Forests, or green heritage
Space technologies developed for RADARSAT play a leading role in observing and managing Canada's natural resources.
Satellites provide data that can help protect and manage the ecological integrity and use of Canada's national parks. With this technology, Parks Canada can detect changes in the forest ecosystem and in the biodiversity - sometimes difficult to observe from the ground-and as a result, get an accurate picture of the health of the parks and take action quickly.
The information gathered is made available on the Parks Canada Web site to increase public awareness of climate change.
Overview of the main RADARSAT-1 Earth observation data applications
Overview of the main RADARSAT-2 Earth observation data applications
Globally, about 13 million hectare of forest are deforested each year-the equivalent of Nova Scotia and New Brunswick combined Footnote 1
Canada's RADARSAT provides important data used to map and monitor forests around the world. These maps produced by specialists using satellite data, give us an accurate picture of forest activities.
The advanced technology used by the satellites makes it possible to detect clear-cut areas in forests at rates approaching 100%. Whether assessing the environmental impact of clear cutting in boreal and tropical forests or gauging the success of reforestation operations, specialists can count on Canadian technology and expertise.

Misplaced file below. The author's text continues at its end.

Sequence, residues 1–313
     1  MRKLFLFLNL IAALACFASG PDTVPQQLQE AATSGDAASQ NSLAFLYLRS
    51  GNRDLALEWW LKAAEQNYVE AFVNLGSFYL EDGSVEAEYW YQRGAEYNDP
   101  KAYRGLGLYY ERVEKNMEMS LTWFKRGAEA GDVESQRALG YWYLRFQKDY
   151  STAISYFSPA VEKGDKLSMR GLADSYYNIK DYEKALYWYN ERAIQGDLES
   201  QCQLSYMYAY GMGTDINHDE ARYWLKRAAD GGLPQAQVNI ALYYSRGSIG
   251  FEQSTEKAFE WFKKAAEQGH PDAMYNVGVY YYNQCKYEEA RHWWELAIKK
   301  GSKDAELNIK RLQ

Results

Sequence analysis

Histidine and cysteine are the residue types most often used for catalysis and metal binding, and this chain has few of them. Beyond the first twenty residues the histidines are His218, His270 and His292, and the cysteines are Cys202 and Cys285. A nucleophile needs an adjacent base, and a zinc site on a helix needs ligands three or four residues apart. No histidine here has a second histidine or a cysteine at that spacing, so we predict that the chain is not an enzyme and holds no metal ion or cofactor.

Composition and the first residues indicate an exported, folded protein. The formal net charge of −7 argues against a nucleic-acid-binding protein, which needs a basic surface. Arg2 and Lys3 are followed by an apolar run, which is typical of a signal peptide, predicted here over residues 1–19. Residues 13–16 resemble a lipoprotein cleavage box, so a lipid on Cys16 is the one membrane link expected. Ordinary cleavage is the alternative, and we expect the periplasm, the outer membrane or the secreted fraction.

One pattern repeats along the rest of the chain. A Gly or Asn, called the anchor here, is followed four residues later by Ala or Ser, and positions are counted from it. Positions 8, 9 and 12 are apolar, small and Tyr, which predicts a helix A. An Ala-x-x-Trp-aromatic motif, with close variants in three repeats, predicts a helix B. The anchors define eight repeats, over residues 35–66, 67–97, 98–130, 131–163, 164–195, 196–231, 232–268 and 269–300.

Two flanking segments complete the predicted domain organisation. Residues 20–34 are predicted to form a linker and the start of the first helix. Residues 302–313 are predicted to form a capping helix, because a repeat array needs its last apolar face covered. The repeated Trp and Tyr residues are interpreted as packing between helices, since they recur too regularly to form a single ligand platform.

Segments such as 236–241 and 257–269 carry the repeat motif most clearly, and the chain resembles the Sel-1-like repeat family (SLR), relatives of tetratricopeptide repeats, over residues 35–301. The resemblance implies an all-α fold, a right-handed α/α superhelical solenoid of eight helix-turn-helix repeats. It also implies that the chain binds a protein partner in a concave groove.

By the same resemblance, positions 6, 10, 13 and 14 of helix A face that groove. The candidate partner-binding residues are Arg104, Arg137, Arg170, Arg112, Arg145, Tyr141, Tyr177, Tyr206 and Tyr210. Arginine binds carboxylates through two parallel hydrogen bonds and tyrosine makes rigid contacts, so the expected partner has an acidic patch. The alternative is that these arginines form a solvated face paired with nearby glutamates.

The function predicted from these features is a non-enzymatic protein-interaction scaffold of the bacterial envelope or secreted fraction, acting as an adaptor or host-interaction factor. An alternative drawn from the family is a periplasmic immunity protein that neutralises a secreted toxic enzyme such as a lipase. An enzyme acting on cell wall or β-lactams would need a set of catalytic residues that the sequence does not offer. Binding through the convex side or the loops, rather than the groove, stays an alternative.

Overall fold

A partnership for the habitats of wild speciesFootnote 2
Environment Canada and the Canadian Space Agency are currently working on establishing a national satellite-assisted environmental monitoring program. By combining the knowledge and expertise of the government, universities, the private sector and environmental protection agencies, this co-operative pilot project would make it possible to improve management of wild species and the enforcement of legislation supporting environmental and species protection.
Space for Habitat would use RADARSAT technology to monitor wild species habitat. Data collected would make it possible to monitor developments and changes occurring in these ecosystems, even in the most remote locations. There are also plans to use the same techniques to monitor Canada's protected areas, in order to enforce environmental protection legislation.
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